Gen-Z in perfect sync with loud budgeting tunes

More and more youngsters are embracing the ‘loud budgeting’ social media trend and being vocal about their financial constraints and money-saving goals

Amid the hullabaloo of the much-awaited Interim Budget 2024 in India, the trend of ‘Loud Budgeting’ has smitten Gen-Z via social media. Simply put, ‘loud budgeting’ is being vocal about one’s financial constraints and channelling money toward purposeful savings goals. The trend is quite the opposite of ‘quiet luxury’. It emphasizes “I don’t want to spend” instead of “I can’t afford.” Thus, articulating your priorities to people around you.

Tarun Nazare, Co-Founder & CEO of Neokred Technologies says, “This approach is a response to the over-glamorization of luxury and the financial strain caused by social media culture. It advocates mindful spending and prioritises long-term goals like savings and debt repayment over societal pressure to spend. It aligns with the desire for authenticity and transparency in personal finances for the young generation.”

Different Demographics

There is a humongous demographic of the young generation in India. There is a section of people who avoid or refuse to socialise to save money thus, live in FOMO (fear of missing out). The second criteria of people are the ones who find like-minded people and create a niche group of friends which leads to mutual understanding within the group and transparency as well. The third section of people are upfront and explicit about their finances and follow a strict routine to live a well-disciplined life. Chitranshi Yadav (25), a student of IIM Indore says, “As a student, a lot of money is spent on conveyance, food, facilities, parties etc. I have told my friends that my monthly expenditure budget is Rs 5,000. At times I tell them that I will cook homemade food for them instead of splurging on junk food.”

Spend Wisely, Save More One of the core tenets of loud budgeting is visibility. It is about bringing financial plans out of the shadows and into the spotlight. Loud budgeting ensures that financial decisions are not concealed but laid bare for everyone involved. It counters the social media-driven pressure to display a luxurious lifestyle, shifting the focus to mindful spending and financial goals. In India, the younger generation holds significant sway in consumer spending, driven by growing income and increased purchasing power. Despite their economic empowerment, they grapple with heightened stress and anxiety, partly stemming from societal and peer pressures exacerbated by perpetual connectivity to global news and social media. This exposure often leads to a sense of inadequacy as they compare their lives with others. Arpit Arora, a Personal Finance Coach says, “Twenty years ago, people were secretive and did not want to disclose much about their finances as well as other things like menstruation etc. This trend reflects the same behavioural change that is happening with today’s generation (i.e. being more expressive and transparent).”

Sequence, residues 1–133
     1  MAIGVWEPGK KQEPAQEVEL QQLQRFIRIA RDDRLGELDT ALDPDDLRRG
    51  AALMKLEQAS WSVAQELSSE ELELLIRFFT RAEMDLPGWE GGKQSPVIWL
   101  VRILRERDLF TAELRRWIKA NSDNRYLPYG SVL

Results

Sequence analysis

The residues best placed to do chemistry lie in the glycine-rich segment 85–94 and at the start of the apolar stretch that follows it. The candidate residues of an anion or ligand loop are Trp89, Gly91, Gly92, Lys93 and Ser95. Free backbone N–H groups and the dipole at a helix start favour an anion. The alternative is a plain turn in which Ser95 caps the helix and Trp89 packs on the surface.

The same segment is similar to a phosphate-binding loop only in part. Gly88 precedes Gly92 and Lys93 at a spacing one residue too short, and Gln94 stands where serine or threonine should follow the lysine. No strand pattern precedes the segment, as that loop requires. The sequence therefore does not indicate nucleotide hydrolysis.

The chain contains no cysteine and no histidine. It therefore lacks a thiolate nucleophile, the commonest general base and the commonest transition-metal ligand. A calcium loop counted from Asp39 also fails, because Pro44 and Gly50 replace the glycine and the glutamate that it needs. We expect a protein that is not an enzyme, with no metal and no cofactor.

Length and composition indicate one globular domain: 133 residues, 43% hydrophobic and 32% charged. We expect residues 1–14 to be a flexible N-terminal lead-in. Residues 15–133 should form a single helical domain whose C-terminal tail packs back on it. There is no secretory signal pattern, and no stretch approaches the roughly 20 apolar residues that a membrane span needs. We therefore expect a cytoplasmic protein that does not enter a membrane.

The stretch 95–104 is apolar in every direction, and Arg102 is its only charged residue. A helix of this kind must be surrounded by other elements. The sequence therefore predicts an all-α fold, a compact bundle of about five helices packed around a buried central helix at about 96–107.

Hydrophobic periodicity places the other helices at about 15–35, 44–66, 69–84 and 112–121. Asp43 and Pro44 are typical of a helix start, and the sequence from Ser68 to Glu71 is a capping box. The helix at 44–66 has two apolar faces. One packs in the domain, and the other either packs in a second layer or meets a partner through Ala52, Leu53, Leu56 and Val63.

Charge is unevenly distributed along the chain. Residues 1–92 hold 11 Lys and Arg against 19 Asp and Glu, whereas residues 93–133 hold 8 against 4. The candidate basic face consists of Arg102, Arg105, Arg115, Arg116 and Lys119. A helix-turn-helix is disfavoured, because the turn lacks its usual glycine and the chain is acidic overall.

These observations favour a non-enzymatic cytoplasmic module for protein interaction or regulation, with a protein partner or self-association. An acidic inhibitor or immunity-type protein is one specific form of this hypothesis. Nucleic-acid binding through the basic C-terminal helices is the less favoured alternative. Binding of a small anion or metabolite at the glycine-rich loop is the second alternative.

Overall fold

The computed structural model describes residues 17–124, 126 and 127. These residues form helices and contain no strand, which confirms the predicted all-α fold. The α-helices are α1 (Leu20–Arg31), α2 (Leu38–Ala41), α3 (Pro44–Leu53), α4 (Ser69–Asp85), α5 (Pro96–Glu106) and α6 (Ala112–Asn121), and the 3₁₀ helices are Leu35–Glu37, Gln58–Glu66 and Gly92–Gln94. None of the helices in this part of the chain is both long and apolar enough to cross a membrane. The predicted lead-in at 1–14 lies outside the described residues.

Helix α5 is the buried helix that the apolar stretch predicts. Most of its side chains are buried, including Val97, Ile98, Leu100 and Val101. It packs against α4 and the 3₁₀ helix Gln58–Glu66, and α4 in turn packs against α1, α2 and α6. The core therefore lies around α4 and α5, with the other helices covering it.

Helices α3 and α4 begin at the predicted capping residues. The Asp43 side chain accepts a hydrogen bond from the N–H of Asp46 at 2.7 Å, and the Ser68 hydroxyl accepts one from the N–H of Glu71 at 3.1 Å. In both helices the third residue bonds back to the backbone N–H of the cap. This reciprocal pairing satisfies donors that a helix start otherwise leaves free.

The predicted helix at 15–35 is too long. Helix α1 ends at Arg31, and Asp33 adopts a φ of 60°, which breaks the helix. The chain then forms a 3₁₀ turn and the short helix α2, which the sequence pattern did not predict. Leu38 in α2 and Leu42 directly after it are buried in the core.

Budgeting Pros & Cons

Embracing loud budgeting offers a multitude of advantages. It encourages saving more by openly discussing and normalising responsible financial management that aligns with personal values, steering away from a false sense of prosperity. It provides liberation from the stigma associated with debt and budget discussions, fostering a sense of freedom. Prompting individuals to candidly acknowledge and accept their financial situations, encourages self-acceptance. Loud budgeting helps people embrace the Joy of Missing Out (JOMO) instead of the Fear of Missing Out (FOMO). Tarun highlights the drawbacks of loud budgeting, “It could lead to a sense of peer pressure or competition in financial matters, potentially causing discomfort or stress for those who are less financially secure. Additionally, the emphasis on openly discussing finances might not align with the more traditional views on privacy regarding money matters in some Indian cultures.”

Financial Self-discipline

It is about both self-discipline and setting financial boundaries with others. This self-check helps align financial behaviour with long-term objectives. It involves communicating financial limits to peers, which assists in managing social spending pressures. Priya Krishnamoorthy, a Personal Financial Advisor says, “When we know the purpose of our money then both the criteria are established simultaneously. Many people lend money to friends/family as their money's just 'lying' in savings accounts without a purpose. Hence, it’s very important to tell your money where to go and for what purpose.” Arpit advises, “Communicating to yourself is the first step.”

Inflation is not solely to be blamed, convenience and luxury of choices are also to be put on the red spot. Arpit explains, “There are a lot of convenience spending happening today which did not exist in the past. And because it is now aided by the convenience of paying online, everyday spending has substantially increased. The luxury of choices has changed the human psyche into sporadically spending even on things that are not essential but affordable.” He highlights that budgeting should no longer be a choice but mandatory for everyone to keep their finances in check.

This approach is a response to the over-glamorization of luxury and the financial strain caused by social media culture.” — Tarun Nazare, Co-Founder, CEO, Neokred Technologies

Communicating to yourself is the first step. And second is the expression of that to the person you trust.” — Arpit Arora, Personal Finance Coach

( Source : Deccan Chronicle )
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